With a huge smile on her face, Fidelia Lopez, 34, says her 19-month-old son, Osman David, is no longer undernourished.
Fidelia and Osman David live in the village of Las Pavas, Santa Maria, in the department of La Paz, Honduras. Osman currently weighs 10 kilos. His health and weight have improved greatly since he and his mother began receiving food assistance and health services from the CIDA-funded project to reduce child and maternal malnutrition.
"I am very grateful for the help that they have given us," says Fidelia. "I have seen how he has grown and gotten fatter, now that I receive this food."
A few years ago, Fidelia moved to Tegucigalpa to work as a domestic. Of the money she earned, she sent half back to her grandparents who raised her and saved the rest to buy land and build a home of her own. When she became pregnant, she returned to Las Pavas, and, with great effort, built a house out of mud. She now works as a coffee cutter, earning between $2 and $5 a day. She does not have electricity in her new home and borrows water from her neighbour because she cannot afford to pay for the water connection to her house (approximately $160).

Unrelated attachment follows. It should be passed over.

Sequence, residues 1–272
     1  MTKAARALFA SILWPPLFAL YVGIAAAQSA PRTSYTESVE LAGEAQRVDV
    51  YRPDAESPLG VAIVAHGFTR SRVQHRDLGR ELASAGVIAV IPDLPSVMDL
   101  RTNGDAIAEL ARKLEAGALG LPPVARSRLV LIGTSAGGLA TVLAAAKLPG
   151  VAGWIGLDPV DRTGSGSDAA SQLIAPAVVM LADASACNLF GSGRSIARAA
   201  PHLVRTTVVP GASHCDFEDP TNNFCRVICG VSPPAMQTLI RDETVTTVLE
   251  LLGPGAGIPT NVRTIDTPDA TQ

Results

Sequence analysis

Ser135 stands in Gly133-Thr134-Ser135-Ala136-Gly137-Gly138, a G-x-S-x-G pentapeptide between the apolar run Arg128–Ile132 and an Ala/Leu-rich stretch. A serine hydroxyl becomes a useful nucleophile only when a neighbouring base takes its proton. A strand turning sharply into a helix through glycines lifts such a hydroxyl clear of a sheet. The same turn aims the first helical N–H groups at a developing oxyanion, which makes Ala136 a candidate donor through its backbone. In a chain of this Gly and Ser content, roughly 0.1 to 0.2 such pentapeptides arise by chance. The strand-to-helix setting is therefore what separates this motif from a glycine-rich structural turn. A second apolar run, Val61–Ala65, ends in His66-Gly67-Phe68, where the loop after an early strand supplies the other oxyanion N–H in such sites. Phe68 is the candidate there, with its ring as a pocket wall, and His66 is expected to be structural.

The goal of this project, implemented by the World Food Programme and the Honduran Ministry of Health, is to improve the nutritional status and food security of the poorest people in southwestern and southern Honduras. Rural health centres supported by the project offer basic nutritional training to pregnant and lactating women and distribute household food rations monthly to help families meet nutritional needs. In 2009, more than 6,000 people benefitted from this project.
"Thanks to all the organizations and countries that help us. This project is a blessing for us," says Fidelia.
This project contributes to CIDA's priority theme of securing the future for children and youth. To find out more, consult the project profile in the Project Browser web application, the most complete source of information about CIDA-funded projects.
The village of Los Planes is fortunate to have a health centre available for its surrounding 3,728 residents, including 176 children under the age of five suffering from severe malnutrition.
"I am very happy we have this program," says Etelvina Caliz, a local health volunteer. For the past three years, Etelvina has been a health monitor, travelling to different communities in the area, measuring the weight and height of the children and training women in how to better feed themselves and prepare for childbirth. The area has one of the highest rates of malnutrition in the country.
Adds Etelvina: "We are aware that this assistance will not last forever, so we are training our women to be able to do it themselves some day when this program is no longer here to help us."